“Project Censored brings to light some of the most important stories of the year that you never saw or heard about. This is your chance to find out what got buried.” –Diane Ravitch, author of The Death and Life of the Great American School System.
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“Most journalists in the United States believe the press here is free. That grand illusion only helps obscure the fact that, by and large, the US corporate press does not report what’s really going on, while tuning out, or laughing off, all those who try to do just that. Americans–now more than ever–need those outlets that do labor to report some truth. Project Censored is not just among the bravest, smartest, and most rigorous of those outlets, but the only one that’s wholly focused on those stories that the corporate press ignores, downplays, and/or distorts. This latest book is therefore a must read for anyone who cares about this country, its tottering economy, and–most important– what’s now left of its democracy.” –Mark Crispin Miller, author, professor of media ecology, New York University.
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“[Censored] offers devastating evidence of the dumbing-down of main-stream news in America. . . . Required reading for broadcasters, journalists, and well-informed citizens.” —Los Angeles Times
“Project Censored continues to be an invaluable resource in exposing and highlighting shocking stories that are routinely minimized or ignored by the corporate media. The vital nature of this work is underscored by this year’s NSA leaks. The world needs more brave whistle blowers and independent journalists in the service of reclaiming democracy and challenging the abuse of power. Project Censored stands out for its commitment to such work.” —Deepa Kumar, author of Islamophobia and the Politics of Empire and associate professor of Media Studies and Middle Eastern Studies at Rutgers University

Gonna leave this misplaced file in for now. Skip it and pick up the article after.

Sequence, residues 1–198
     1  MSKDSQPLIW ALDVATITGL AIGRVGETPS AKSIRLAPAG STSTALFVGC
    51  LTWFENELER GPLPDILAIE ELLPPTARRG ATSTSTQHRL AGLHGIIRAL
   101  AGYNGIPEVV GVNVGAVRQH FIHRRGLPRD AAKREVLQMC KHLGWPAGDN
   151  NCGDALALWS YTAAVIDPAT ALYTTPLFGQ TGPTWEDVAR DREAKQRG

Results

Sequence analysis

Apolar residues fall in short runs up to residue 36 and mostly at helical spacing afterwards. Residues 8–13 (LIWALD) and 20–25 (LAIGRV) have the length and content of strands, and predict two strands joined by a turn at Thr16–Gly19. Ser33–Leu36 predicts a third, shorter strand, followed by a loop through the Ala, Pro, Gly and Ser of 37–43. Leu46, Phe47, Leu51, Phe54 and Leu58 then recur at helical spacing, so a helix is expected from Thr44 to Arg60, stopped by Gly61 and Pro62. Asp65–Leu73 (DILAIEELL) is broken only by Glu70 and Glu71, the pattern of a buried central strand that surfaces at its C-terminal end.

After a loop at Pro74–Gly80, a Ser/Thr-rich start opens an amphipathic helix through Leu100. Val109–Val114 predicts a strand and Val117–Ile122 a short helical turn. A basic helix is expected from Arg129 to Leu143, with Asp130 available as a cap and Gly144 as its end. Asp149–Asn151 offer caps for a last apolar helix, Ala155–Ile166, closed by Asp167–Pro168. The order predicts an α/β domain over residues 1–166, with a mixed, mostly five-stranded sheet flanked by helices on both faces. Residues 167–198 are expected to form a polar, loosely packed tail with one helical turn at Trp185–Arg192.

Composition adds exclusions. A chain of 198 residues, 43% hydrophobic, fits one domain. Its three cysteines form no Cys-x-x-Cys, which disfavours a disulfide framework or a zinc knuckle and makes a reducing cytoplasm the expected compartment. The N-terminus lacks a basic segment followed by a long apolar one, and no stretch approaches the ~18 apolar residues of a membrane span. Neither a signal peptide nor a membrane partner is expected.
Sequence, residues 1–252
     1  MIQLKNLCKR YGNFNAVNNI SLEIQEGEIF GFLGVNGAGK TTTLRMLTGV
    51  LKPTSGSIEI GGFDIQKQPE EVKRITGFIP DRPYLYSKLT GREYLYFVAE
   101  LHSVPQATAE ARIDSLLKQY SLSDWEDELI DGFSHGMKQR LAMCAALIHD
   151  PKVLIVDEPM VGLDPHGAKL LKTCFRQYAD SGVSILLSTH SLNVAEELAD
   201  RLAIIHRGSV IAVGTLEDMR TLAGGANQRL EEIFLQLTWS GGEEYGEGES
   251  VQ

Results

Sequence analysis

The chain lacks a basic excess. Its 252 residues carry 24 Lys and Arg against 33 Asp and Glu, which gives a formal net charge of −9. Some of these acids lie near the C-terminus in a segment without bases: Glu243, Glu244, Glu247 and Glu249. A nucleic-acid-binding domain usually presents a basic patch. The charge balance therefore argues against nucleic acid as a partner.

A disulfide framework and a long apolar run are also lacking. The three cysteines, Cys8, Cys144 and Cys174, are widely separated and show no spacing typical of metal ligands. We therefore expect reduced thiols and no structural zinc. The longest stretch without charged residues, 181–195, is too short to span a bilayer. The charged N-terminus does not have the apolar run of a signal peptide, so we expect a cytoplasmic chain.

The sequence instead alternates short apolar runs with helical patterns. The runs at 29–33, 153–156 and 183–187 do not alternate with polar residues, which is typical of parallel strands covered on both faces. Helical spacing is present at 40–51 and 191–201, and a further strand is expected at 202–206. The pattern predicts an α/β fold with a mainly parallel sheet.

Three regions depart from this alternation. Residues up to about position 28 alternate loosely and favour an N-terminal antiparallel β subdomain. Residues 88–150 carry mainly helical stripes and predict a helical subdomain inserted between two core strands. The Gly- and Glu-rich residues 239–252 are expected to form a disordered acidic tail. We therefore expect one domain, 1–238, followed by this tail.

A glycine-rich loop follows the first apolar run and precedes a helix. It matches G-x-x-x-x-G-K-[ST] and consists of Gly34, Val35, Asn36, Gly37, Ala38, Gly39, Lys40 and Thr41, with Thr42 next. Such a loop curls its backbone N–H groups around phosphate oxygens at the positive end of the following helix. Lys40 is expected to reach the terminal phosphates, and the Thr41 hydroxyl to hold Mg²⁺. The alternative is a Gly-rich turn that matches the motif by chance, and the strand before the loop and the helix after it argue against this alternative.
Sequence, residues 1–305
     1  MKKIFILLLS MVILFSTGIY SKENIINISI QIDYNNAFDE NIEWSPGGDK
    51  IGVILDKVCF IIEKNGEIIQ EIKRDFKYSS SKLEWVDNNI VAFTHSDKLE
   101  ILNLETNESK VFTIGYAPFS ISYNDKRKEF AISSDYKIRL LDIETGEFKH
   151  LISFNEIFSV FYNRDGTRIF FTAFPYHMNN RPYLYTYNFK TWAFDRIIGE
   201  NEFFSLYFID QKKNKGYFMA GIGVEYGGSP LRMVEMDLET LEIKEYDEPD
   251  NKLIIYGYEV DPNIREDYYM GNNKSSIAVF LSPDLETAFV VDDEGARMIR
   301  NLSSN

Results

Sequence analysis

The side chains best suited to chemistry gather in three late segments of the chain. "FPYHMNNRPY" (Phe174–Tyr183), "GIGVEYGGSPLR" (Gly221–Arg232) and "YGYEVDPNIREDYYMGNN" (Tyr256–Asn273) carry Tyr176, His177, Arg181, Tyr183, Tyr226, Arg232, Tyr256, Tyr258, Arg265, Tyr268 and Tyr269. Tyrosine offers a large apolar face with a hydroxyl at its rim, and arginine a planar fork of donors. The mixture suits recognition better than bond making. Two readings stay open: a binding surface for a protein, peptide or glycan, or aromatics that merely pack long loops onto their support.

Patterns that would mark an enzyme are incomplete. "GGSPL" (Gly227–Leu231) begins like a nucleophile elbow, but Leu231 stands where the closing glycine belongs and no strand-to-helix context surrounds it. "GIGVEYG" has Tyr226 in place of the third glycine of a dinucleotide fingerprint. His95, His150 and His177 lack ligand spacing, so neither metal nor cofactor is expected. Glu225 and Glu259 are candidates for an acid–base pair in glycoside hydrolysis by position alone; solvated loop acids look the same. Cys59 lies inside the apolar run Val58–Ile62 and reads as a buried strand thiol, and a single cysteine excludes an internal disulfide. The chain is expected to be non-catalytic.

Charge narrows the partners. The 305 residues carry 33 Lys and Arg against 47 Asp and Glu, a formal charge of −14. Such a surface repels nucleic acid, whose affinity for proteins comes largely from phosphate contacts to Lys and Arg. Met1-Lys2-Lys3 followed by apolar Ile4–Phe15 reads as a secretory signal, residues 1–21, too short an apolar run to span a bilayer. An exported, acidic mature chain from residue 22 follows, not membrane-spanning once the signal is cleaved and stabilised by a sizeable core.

Buy it, read it, act on it. Our future depends on the knowledge this col-lection of suppressed stories allows us.” —San Diego Review
“In another home run for Project Censored, Censored 2013 shows how the American public has been bamboozled, snookered, and dumbed down by the corporate media. It is chock-full of ‘ah-ha’ moments where we understand just how we’ve been fleeced by banksters, stripped of our civil liberties, and blindly led down a path of never-ending war.” –Medea Benjamin, author of Drone Warfare, cofounder of Global Exchange and CODEPINK.
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Use of Force against Inmates

A report published on November 9, 2017 by the San Francisco Bay View reveals serious problems with the treatment of California inmates. The report explains how inmates are discriminated against, tortured, and dehumanized regularly by correctional officers (COs). The issues raised by the Bay View report connect to larger trends, as documented in Human Rights Watch’s 2015 report, titled “Callous and Cruel: Use of Force against Inmates with Mental Disabilities in US Jails and Prisons.” HRW’s 127-page report exposed the physical and mental abuses routinely wrought across the US by COs on inmates with mental disabilities. The report listed “120 abuse cases brought against guards, 80 abuse cases settled with disciplinary action (no dismiss), 30 guards up for dismissal, and 8 dismissed.”